Comics Unleashed

Tomorrow I am taping two episodes of Comics Unleashed w/ Byron Allen!

You can check out the trailer for the show right here – comicsunleashed.com

New episodes begin airing October 1st!!!

 

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Upcoming Shows

Aug 31st – Greenwich Village Comedy Club 8 & 10pm

Sept 1st – Greenwich Village Comedy Club 10pm

Sept 3rd – Dangerfield’s Comedy Club 9pm

Sept 11th – Hilton Head Comedy & Magic Club, Hilton Head, SC

Sept 16th – COMICS UNLEASHED TAPING, Los Angeles, CA

Sept 18th – Hall & Oates Baltimore, MD (Just Watching)

Sept 20th – Wilkes-Barre/ Scranton, PA

Sept 27th – Davis & Elkins College Homecoming, WV

 

 

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OBX Comedy Shows Start Tonight & Instagram

J Lalonde and I will begin our comedy shows at The Comedy Club OBX  tonight at 9pm. We’re here till Friday so if you have time come on down and check us out!

Also I just signed up for Instagram. Yup. I JUST did. Again actually. Sort of did it once before and never used it but now we’re golden. Instagram ready! If you’d like to follow me and check out some of my pics then please click here.

– Matt

 

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Are you on Pandora? So am I.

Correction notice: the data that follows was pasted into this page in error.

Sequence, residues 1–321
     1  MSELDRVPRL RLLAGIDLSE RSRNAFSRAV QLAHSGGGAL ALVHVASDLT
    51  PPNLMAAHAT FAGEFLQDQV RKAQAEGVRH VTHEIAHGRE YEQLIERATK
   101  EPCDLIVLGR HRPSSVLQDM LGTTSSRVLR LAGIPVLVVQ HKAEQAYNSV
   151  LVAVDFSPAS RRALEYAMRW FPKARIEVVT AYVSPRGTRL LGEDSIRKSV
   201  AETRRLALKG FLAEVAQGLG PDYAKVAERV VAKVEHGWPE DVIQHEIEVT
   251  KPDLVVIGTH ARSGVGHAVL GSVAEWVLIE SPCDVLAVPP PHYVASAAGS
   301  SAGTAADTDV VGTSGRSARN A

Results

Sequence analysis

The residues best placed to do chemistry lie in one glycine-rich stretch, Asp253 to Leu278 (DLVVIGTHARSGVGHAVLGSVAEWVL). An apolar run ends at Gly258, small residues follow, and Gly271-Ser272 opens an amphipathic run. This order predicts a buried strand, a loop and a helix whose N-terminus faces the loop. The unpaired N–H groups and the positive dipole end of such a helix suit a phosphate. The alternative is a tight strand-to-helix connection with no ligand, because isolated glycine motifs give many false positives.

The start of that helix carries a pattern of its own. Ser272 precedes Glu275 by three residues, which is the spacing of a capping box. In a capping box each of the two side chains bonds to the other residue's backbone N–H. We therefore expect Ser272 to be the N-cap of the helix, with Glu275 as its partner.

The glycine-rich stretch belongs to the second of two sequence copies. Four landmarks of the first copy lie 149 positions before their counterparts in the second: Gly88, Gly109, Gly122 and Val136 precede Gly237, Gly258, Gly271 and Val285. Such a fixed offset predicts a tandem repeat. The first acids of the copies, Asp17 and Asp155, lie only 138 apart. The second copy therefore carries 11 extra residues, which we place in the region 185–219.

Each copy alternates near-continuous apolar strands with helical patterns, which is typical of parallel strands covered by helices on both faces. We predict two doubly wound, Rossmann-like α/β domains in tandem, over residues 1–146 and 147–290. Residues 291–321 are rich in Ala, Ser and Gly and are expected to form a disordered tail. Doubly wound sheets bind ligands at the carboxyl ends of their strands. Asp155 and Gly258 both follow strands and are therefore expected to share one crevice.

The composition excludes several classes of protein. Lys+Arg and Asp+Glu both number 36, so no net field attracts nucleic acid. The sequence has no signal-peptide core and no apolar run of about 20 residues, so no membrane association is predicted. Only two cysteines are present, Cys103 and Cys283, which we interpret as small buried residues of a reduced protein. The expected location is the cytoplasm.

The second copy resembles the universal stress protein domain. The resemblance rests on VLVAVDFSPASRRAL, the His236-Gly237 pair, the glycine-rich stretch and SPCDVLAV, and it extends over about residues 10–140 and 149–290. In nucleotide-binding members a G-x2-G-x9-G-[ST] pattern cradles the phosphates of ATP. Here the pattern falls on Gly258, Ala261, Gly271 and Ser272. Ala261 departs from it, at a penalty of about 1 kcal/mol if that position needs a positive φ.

In case you’re a fan of Pandora, and I’d say most of us are, you may be down for a little more laughter in your life. So the next time you’re building a new playlist why not take a minute to check out my station and then om-ba-pa-dow we’re cruising together like Huey Lewis and Gwyneth Paltrow. 

 

 

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THIS WEEK: OBX Comedy Club & More Upcoming Shows

8/19-8/22 OBX Comedy Club, Outer Banks, NC  http://www.comedyclubobx.com/

8/24 ITZ Comedy Club Fayetteville, NC  http://itzentertainmentcity.com/comedy-zone/

9/3 Dangerfields New York, NY

9/11 Hilton Head Comedy Club, Hilton Head, SC

9/20 Wilkes Barre, PA

9/28 Dangerfields New York, NY

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“O’ Captain, My Captain” – My memory of Robin Williams

Mill Valley, CA 2008